This post was originally published at Novelicious.com and is now at WritingTipsOasis.com. WritingTipsOasis.com acquired Novelicious.com in June 2022.
As a reader, one of the most joyful experiences can be visiting the actual places that inspired and featured in the books you adore. More than just holidaying in the footsteps of literary greats, novel travel allows you to live and breathe the same sights, sounds and smells as your beloved fictional characters. In some instances, you can make a cuppa in their kitchens and meet their neighbours; you can even browse their bookshelves and wander the landscapes that inspired their most creative and memorable moments.
In this new series, we’re going to take you on a tour like no other, right inside the pages of your favourite books! We’ll bring the tea flask, you pack the sandwiches, okay?
First up, Brontë Country.
The Brontë sisters lived most of their short lives in the Yorkshire village of Haworth, where we begin our journey. In 1887, all three girls had their most important works published. Jane Eyre for Charlotte, Agnes Grey for Anne and Wuthering Heights for Emily, but within eight years all three had died, outlived by their father, who was the local clergyman.
While Haworth looks pretty as a picture today – all brick cottages, cobbled streets and charming little boutique shops – when the sisters were alive, it was a crowded industrial town, polluted, smelly and incredibly unhygienic. The death rate was as high as any of the larger cities such as London or Bradford, with the average age of demise just 24.
The modest and homely dining room, on the left as you walk through the entrance hall, is where the Brontës could be found most of the time. As well as taking their meals here, this is where the bulk of their writing was done too. Jane Eyre, Agnes Grey and Wuthering Heights were all created in this room and it was the sisters’ habit to walk around the table until 11pm thrashing out their plot and story ideas with one another before bed. After the death of Emily – who supposedly took her last breath on the black couch in the corner – and then Anne, Charlotte could be heard walking around the table by herself, unable to sleep without the nightly writing ritual with her sisters.
Take your time over your visit and enjoy exploring the study, bedrooms and even the kitchen, where you can almost hear an echo of Charlotte’s words from Tales of the Islanders:
'One night about the time when the cold sleet and dreary fogs of November are succeeded by the snow storms & high piercing nightwinds of confirmed winter we were all sitting round the warm blazing kitchen fire having just concluded a quarrel with Taby concerning the propriety of lighting a candle…'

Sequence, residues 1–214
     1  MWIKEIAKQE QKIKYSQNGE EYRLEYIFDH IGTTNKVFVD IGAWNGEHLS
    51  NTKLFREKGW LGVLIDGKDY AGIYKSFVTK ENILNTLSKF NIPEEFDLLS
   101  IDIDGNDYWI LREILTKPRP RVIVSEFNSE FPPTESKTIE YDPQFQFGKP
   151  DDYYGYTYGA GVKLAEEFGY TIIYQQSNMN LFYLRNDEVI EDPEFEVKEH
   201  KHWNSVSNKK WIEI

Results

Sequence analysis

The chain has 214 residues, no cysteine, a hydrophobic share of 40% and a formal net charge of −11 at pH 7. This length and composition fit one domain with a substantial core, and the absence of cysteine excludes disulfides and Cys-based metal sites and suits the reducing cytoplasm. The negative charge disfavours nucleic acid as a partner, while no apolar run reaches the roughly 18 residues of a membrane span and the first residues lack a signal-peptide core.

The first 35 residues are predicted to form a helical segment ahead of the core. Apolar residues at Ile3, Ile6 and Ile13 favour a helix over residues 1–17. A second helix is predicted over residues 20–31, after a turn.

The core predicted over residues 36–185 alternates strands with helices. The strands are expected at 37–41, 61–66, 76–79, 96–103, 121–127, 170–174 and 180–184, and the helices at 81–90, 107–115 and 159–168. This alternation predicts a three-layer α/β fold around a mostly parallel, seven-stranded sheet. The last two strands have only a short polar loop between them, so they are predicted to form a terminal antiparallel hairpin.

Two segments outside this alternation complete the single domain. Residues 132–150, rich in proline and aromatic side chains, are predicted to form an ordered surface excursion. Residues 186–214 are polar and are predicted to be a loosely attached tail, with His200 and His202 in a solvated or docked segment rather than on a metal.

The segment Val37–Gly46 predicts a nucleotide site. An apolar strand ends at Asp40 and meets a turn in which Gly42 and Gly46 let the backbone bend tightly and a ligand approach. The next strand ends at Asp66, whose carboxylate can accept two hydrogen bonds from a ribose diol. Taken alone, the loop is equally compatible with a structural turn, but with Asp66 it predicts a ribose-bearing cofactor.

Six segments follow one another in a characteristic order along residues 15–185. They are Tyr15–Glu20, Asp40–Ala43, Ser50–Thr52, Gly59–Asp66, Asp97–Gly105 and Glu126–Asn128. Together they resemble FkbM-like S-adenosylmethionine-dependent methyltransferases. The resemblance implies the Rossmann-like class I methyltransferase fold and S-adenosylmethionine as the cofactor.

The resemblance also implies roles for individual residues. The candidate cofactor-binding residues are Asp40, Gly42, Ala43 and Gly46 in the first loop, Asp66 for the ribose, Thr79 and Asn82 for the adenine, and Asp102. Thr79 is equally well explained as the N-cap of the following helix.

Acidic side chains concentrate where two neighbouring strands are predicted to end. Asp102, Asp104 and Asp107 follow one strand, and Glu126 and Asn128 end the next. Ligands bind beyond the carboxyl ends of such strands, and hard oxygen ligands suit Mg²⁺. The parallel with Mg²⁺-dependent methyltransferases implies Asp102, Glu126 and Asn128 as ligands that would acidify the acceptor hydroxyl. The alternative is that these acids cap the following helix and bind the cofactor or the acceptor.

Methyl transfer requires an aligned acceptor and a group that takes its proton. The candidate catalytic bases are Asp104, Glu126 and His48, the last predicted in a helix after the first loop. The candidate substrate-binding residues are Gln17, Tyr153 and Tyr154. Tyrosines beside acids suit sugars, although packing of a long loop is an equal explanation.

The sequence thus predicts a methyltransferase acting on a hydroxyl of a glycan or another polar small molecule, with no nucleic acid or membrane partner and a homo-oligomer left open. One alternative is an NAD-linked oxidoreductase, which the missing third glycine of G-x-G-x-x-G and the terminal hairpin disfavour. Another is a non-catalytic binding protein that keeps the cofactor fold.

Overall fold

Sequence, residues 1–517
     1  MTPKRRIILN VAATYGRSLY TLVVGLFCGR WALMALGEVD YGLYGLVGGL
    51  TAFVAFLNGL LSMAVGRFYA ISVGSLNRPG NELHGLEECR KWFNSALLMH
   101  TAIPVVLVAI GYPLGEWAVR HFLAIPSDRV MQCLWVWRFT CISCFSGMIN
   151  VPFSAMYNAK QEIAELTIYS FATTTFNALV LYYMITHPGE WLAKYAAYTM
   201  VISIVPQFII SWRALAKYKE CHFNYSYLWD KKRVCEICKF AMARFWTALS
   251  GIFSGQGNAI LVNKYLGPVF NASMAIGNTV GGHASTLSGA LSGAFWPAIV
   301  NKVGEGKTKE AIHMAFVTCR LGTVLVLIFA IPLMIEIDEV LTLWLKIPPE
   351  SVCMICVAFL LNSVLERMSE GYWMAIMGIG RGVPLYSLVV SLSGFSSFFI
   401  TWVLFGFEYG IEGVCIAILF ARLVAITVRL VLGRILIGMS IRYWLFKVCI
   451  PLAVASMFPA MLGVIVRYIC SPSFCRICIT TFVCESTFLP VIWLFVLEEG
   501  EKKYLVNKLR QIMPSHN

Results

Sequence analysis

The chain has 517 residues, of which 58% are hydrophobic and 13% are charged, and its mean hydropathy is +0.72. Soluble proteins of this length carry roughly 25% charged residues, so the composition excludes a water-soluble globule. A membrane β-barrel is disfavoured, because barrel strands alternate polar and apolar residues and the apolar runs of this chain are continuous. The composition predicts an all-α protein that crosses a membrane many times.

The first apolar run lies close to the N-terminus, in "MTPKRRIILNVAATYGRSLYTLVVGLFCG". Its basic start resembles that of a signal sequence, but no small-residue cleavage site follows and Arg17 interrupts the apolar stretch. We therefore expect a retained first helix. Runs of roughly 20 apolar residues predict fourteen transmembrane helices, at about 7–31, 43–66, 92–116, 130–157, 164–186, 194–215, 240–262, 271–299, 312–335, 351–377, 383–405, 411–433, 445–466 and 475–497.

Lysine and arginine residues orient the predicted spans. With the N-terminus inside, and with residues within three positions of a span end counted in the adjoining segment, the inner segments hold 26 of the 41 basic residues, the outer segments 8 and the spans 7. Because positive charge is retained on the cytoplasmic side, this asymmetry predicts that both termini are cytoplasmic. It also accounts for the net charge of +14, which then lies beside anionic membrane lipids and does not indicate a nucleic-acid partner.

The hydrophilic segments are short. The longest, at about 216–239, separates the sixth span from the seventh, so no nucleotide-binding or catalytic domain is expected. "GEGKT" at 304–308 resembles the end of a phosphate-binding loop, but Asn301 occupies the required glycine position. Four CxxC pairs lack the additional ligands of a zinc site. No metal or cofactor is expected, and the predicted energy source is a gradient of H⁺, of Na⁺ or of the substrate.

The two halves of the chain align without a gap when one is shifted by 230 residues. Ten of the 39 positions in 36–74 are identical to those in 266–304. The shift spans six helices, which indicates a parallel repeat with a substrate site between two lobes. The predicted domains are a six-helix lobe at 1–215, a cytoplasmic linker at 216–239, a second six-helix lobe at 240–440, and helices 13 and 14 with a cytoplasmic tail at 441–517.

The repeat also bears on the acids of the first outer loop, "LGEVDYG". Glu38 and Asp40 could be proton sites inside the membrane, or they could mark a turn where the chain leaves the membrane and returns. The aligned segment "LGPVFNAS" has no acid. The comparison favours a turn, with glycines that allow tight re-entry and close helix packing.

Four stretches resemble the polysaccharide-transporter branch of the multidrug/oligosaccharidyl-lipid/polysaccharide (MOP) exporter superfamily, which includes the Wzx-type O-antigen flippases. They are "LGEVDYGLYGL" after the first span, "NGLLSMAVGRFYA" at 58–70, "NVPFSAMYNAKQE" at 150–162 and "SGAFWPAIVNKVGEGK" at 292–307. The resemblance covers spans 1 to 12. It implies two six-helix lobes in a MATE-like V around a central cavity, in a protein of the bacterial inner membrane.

Once you’ve exited the museum, you can pay your respects to both Emily and Anne, who are buried at Haworth Church, where their father was once vicar.
Next, head to the back of the parsonage, where you’ll be met by the wild, expansive Yorkshire Moors, which undoubtedly inspired the setting for Emily Brontë’s Wuthering Heights. Almost a character in its own right, the harsh, isolated but hauntingly beautiful moorland is exactly as you’ve always imagined it to be. When we visited, we were so swept up in the setting, we could just about picture the figure of a tortured Heathcliff roaming amongst the purple heather.
There are lots of walking trails available, but we recommend the Brontë Connections Walk – a circular trek of around four and a half miles.
On the trail, you’ll visit Ponden Hall, which inspired Thrushcross Grange, home of the Linton family in Wuthering Heights and Penistone Crag. A favourite haunt of the Brontës, Emily named the rock Penistone Crag in the novel and described the location as a meeting place of Cathy and Heathcliff. At the base of the rock, there is a hole just large enough for an adult to climb through. Emily talks about this hole in the book, calling it the 'Fairy Cave'. Local legend suggests that unattached people passing through the hole will marry within the year; so, if you’re in the company of a grown-up, dark skinned gypsy foundling, maybe hold off on doing that. Unless you’re into all-consuming, tortured love affairs of course.
Last but not least, you’ll come to Top Withins Farm on its lonely, windswept hilltop. It is widely accepted that this delipidated, almost derelict farm inspired Wuthering Heights itself.
Stand on the threshold, close your eyes for a moment and listen to the howling wind. Allow your imagination take over; you never know, you might just hear Heathcliff calling to his beloved Cathy.
Or Kate Bush singing about it, which is probably more likely.
Join us next time for another journey into one of your favourite books.
In the meantime, we’d love to hear about the literary locations you’ve visited.
Images provided by Welcome to Yorkshire.